Meanwhile, Confederate cavalry under J.E.B. Stuart captured the Union artillery, and Beauregard ordered a counterattack on the exposed Union right flank. The rebels came charging down the hill, yelling furiously, and McDowell’s line was broken, forcing his troops in a hasty retreat across Bull Run. The retreat soon became an unorganized flight, and supplies littered the road back to Washington. Union forces endured a loss of 3,000 men killed, wounded, or missing in action while the Confederates suffered 2,000 casualties. The scale of this bloodshed horrified not only the frightened spectators at Bull Run but also the U.S. government in Washington, which was faced with an uncertain military strategy in quelling the “Southern insurrection.”

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Hitler to Germany: “I’m still alive”

Year
1944
Month Day
July 21

On July 21, 1944, Adolf Hitler takes to the airwaves to announce that the attempt on his life has failed and that “accounts will be settled.”

Hitler had survived the bomb blast that was meant to take his life. He had suffered punctured eardrums, some burns and minor wounds, but nothing that would keep him from regaining control of the government and finding the rebels. In fact, the coup d’etat that was to accompany the assassination of Hitler was put down in a mere 11 1/2 hours. 

In Berlin, Army Major Otto Remer, believed to be apolitical by the conspirators and willing to carry out any orders given him, was told that the Fuhrer was dead and that he, Remer, was to arrest Joseph Goebbels, Minister of Propaganda. But Goebbels had other news for Remer—Hitler was alive. And he proved it, by getting the leader on the phone (the rebels had forgotten to cut the phone lines). Hitler then gave Remer direct orders to put down any army rebellion and to follow only his orders or those of Goebbels or Himmler. Remer let Goebbels go. The SS then snapped into action, arriving in Berlin, now in chaos, just in time to convince many high German officers to remain loyal to Hitler.

READ MORE: The July Plot: When German Elites Tried to Kill Hitler

Arrests, torture sessions, executions, and suicides followed. Count Claus von Stauffenberg, the man who actually planted the explosive in the room with Hitler and who had insisted to his co-conspirators that “the explosion was as if a 150-millimeter shell had hit. No one in that room can still be alive.” But it was Stauffenberg who would not be alive for much longer; he was shot dead the very day of the attempt by a pro-Hitler officer. The plot was completely undone.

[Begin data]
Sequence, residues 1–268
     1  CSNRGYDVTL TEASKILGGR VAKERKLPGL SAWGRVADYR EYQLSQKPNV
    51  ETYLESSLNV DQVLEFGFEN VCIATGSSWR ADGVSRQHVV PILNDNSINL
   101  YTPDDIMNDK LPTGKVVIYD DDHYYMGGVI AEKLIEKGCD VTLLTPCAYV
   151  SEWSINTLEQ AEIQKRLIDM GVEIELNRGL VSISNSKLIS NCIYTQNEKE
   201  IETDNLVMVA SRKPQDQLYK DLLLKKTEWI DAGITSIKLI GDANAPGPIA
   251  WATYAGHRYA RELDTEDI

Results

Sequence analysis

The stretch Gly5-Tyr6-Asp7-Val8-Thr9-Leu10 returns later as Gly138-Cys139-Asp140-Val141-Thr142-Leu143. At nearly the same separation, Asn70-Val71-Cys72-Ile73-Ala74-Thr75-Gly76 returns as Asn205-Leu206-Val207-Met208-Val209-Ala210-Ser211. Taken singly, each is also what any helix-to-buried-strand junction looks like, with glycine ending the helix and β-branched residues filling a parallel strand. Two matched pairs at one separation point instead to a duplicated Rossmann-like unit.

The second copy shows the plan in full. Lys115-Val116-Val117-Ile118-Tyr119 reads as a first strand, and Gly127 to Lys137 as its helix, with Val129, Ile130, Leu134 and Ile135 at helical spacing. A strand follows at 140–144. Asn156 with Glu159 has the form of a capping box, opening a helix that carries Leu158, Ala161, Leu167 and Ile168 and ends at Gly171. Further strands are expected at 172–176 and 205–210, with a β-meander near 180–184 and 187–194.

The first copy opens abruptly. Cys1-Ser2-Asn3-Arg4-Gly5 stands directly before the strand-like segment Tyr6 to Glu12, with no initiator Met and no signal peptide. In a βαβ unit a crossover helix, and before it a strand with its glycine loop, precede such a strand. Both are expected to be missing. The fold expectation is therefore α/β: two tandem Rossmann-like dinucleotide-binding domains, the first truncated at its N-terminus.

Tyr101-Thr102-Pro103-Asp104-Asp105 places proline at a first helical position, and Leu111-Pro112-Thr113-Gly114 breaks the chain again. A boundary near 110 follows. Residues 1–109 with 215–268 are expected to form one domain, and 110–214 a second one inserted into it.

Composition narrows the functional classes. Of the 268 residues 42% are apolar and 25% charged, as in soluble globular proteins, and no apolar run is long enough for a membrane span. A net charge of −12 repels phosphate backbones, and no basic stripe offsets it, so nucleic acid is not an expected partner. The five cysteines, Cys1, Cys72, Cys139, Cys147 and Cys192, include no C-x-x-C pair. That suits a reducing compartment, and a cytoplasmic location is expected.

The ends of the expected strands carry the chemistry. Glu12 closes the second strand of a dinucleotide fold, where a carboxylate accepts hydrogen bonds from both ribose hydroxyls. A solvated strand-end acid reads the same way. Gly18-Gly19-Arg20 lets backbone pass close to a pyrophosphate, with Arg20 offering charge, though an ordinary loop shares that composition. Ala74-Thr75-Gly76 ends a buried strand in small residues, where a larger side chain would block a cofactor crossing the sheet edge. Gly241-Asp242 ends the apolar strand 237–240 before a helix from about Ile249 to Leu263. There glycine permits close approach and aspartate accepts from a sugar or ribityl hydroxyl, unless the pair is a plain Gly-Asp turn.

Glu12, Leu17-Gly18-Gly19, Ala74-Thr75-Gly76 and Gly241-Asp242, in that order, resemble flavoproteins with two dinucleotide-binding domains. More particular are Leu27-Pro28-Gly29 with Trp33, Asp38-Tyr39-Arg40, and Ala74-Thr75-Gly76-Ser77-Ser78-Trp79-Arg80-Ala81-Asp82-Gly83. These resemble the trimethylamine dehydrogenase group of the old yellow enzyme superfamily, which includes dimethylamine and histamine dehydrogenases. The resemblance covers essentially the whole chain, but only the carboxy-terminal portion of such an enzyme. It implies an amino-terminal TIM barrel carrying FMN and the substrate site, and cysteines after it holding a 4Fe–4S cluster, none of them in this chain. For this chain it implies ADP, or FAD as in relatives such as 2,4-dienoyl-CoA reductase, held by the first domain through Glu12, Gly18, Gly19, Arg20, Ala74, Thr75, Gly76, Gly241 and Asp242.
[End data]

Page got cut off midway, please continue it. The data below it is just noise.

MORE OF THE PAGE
Now Hitler had to restore calm and confidence to the German civilian population. At 1 a.m., July 21, Hitler’s voice broke through the radio airwaves: “I am unhurt and well…. A very small clique of ambitious, irresponsible…and stupid officers had concocted a plot to eliminate me… It is a gang of criminal elements which will be destroyed without mercy. I therefore give orders now that no military authority…is to obey orders from this crew of usurpers… This time we shall settle account with them in the manner to which we National Socialists are accustomed.”

READ MORE: 6 Assassination Attempts on Adolf Hitler

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Wild Bill Hickok fights first western showdown

Year
1865
Month Day
July 21

In what may be the first true western showdown, Wild Bill Hickok shoots Dave Tutt dead in the market square of Springfield, Missouri.

Hollywood movies and dime novels notwithstanding, the classic western showdown–also called a walkdown–happened only rarely in the American West. Rather than coolly confronting each other on a dusty street in a deadly game of quick draw, most men began shooting at each other in drunken brawls or spontaneous arguments. Ambushes and cowardly attacks were far more common than noble showdowns.

Nonetheless, southern emigrants brought to the West a crude form of the “code duello,” a highly formalized means of solving disputes between gentlemen with swords or guns that had its origins in European chivalry. By the second half of the 19th century, few Americans still fought duels to solve their problems. Yet, the concept of the duel surely influenced the informal western code of what constituted a legitimate-and legal-gun battle. Above all, the western code required that a man resort to his six-gun only in defense of his honor or life, and only if his opponent was also armed. Likewise, a western jury was unlikely to convict a man in a shooting provided witnesses testified that his opponent had been the aggressor.